Tuesday, July 26, 2005
PAY FOR PLAY WATCH
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Wherein SMQ chronicles demands that poor, exploited big-time collegiate athletes be paid for their valuable services...
On ESPN's Page 2, Patrick Hruby includes "Amateurism in College Sports" as one of "The Dumbest Rules in Sports":
"We live in a free society. We believe in free markets. Should we subject some of our best and brightest athletes to an outdated, bunkum philosophy that runs contrary to both?You will not find a more ardent supporter of free markets than SMQ, an avowed libertarian capitalist, but he cannot fathom this line of argument for the very obvious reason that college athletes are already paid. Or do those tens of thousands of dollars schools fork over for an education and housing not count?
Amateurism began as a myth, concocted by snooty English aristocrats who didn't want to dirty their hands -- let alone get their keisters kicked -- by competing against working-class opponents. It persists as a way to keep athletic departments rich while student-athletes rely on under-the-table booster handouts -- handouts that would be legal in any other context.
Since when is it a crime to accept a bill-stuffed envelope from someone dumb enough to give it to you?
Law students intern at local firms. Accounting majors work at banks. Physical education students appear in Playboy's "Girls of the Pac-10" issue. Athletes get the shaft. In a 1995 book, former NCAA executive director Walter Byers wrote that amateurism in college sports amounted to "economic tyranny." We couldn't agree more."
It should be noted that this is not necessarily Hruby's proposal, since he acknowledges the contributions of virtually the entire Page 2 staff in the formation of this list, but whoever drew the comparison between other facets of our culture should study a bit closer the principles of "a free society," particularly the difference between standards placed on government and private organizations and ability of citizens to enter into voluntary contracts, as a school does when it agrees to participate by the NCAA's rules and an athlete does when he agrees to attend and play for a school. A society is "free" based on the restrictions it places on government, and the lack of restrictions it places on private organizations. In a real free society, individual institutions - like the NCAA, or its member schools, which join voluntarily - are not bound to play by the same principles that society mandates that its government play by. Presumably, this same writer would extoll the virtues of the NFL's revenue-sharing system, which remains the most successful model for socialism anywhere in the world and is a quintessential example of an organization that runs its operations entirely differently than "free society" at large, and yet is a testament to said society precisely because it is free to do so.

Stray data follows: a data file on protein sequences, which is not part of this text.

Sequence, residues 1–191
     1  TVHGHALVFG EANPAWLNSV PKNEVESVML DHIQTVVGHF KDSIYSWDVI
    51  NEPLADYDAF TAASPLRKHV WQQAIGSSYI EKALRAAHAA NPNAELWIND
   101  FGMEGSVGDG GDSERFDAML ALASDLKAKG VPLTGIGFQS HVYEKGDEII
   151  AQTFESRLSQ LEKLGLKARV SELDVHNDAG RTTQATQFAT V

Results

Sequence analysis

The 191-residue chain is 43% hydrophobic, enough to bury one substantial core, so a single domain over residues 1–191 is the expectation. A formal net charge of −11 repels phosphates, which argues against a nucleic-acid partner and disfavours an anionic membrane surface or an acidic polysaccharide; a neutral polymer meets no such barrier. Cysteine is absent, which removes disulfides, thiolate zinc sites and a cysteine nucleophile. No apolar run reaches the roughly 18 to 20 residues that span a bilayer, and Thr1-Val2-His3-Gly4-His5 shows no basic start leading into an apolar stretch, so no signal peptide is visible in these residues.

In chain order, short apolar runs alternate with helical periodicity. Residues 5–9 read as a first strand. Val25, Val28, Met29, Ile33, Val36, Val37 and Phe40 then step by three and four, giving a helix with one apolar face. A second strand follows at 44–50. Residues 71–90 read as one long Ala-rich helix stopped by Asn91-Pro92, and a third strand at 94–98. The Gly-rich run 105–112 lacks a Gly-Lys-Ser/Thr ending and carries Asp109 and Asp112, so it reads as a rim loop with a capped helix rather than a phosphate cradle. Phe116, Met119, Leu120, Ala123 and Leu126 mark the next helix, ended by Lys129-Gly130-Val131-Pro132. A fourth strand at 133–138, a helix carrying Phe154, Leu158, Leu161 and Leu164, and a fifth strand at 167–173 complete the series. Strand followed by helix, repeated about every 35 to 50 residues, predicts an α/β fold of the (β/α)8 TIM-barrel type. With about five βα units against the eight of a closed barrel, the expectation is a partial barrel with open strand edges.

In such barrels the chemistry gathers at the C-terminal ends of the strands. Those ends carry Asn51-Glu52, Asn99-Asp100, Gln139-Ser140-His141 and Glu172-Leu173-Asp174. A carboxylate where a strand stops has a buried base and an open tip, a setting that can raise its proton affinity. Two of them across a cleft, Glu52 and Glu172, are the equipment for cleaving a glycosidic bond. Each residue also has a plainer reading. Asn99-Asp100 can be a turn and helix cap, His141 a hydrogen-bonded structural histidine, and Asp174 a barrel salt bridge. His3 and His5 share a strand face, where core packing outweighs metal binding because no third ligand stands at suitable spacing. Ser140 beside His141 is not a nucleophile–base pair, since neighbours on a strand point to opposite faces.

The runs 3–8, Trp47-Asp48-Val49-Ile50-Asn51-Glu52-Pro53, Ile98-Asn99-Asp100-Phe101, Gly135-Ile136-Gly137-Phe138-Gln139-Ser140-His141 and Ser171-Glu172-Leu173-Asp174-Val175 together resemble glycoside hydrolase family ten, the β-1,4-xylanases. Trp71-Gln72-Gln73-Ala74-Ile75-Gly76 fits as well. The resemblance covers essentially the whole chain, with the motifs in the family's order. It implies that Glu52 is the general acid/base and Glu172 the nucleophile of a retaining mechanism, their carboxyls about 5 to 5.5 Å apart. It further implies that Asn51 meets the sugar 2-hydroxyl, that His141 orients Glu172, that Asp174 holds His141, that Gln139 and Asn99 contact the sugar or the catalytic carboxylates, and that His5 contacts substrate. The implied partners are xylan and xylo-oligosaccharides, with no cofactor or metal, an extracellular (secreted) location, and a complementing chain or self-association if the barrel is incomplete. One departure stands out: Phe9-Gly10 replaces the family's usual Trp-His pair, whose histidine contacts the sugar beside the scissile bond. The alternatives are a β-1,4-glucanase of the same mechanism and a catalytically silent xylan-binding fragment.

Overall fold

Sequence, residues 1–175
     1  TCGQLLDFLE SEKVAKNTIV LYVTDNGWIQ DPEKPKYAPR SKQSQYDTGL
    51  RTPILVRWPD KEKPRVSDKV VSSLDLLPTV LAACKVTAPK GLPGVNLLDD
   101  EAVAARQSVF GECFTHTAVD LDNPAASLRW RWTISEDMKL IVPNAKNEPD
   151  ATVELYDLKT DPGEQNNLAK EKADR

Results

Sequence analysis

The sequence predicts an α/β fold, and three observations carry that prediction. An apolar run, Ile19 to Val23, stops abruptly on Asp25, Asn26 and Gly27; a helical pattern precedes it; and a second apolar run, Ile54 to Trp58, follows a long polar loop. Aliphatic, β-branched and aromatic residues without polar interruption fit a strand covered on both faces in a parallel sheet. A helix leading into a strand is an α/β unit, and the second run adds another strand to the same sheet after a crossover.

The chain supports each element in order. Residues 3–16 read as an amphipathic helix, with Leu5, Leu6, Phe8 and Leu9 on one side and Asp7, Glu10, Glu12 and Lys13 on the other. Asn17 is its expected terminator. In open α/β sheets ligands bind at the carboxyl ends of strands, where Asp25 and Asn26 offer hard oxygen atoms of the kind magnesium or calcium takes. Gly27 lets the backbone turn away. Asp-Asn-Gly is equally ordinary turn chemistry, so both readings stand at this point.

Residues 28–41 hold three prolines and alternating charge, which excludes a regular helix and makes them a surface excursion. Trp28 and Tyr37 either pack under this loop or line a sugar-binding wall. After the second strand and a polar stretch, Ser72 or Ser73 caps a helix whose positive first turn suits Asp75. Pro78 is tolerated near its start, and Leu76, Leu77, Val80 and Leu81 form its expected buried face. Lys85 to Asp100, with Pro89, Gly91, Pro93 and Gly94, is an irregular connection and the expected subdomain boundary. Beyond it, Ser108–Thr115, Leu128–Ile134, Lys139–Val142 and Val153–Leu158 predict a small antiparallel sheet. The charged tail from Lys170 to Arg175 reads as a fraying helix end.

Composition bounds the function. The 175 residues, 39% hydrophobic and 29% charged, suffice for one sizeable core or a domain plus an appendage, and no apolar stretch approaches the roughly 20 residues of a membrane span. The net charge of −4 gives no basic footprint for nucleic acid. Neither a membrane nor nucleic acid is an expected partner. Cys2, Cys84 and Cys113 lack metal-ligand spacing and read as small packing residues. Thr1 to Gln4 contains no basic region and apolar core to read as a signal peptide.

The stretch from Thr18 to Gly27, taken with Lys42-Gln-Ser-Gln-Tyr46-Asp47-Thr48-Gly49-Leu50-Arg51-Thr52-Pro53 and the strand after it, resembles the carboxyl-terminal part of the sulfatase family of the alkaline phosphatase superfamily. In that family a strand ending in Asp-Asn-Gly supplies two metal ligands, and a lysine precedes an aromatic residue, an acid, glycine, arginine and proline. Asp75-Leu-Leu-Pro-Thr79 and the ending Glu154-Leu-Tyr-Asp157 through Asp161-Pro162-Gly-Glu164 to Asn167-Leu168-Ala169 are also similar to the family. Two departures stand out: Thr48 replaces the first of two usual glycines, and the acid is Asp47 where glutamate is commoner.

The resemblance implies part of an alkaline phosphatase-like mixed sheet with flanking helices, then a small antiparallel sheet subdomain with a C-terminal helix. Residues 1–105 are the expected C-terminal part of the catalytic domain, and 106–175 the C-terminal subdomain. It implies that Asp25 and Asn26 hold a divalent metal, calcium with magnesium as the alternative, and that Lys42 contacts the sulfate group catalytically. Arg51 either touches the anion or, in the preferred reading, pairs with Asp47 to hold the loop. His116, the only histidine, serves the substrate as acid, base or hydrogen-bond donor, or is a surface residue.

And an athlete taking a bill-stuffed envelope is not, nor ever has been, "a crime" - it's only against the rules by which each school agrees to participate. There are no arrests or criminal proceedings; no one goes to prison. The sanctions come only from the NCAA, according to the policy upon which the school agreed when it joined the organization.
Anyway, players aren't getting the shaft - they're getting a free education, fame and notoriety, and an opportunity to prove themselves for a potential professional career (interning is a good analogy), all while doing something they love. Highly regarded academic students are given exactly the same opportunity (sans fame, maybe), and no more. Fans aren't getting the shaft because the richest boosters can't buy up the best players to load onto one roster, ensuring more parity, and better, more fair competition - more essential in sports than society in general because sports is entertainment and the product thrives on good competition, even if the rules have to be rigged to artificially create that competition (again, the key to the NFL's success). So what's the problem?
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And don't let the name fool ya - second guessing the phenomenal athletic feats and split-second decisions of college kids under extreme physical duress is for every day of the week.
AWWW!! The totally nicest people, like, ever!...
How much football does he watch? Dude's got insights on -everybody-, and by everybody, I mean everybody. Throw in some of the best writing in the blogosphere, and we're talking about a daily must-read.
- Burnt Orange Nation
SMQ starts to sound more and more like the Gregg Easterbrook of our ideal memories every day - whip-smart, systematic, omnivorous in his intellectual tastes and yet unafraid of the cheap joke.
- Every Day Should Be Saturday
Sunday Morning Quarterback is one of our favorite football blogs on the internet.
- State Fans Nation
Sunday Morning Quarterback is a killer football blog if you are a college football junkie. It is run by one of the most thoughtful, intelligent, and analytical writers in the college football blogosphere...The guy is thorough and detailed and provides a level of analysis you are not going to find anywhere else .
- Bruins Nation
Just another hack writer who hasn't done one lick of research...
...the pride of Southern Mississippi ever since Brett Favre turned into an ESPN soap opera, has the sort of prose knack that can keep you riveted to a preview about any one of D-IA's scrubbier members ... should be given gifts.
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e-mail Sunday Morning Quarterback at email@example.com
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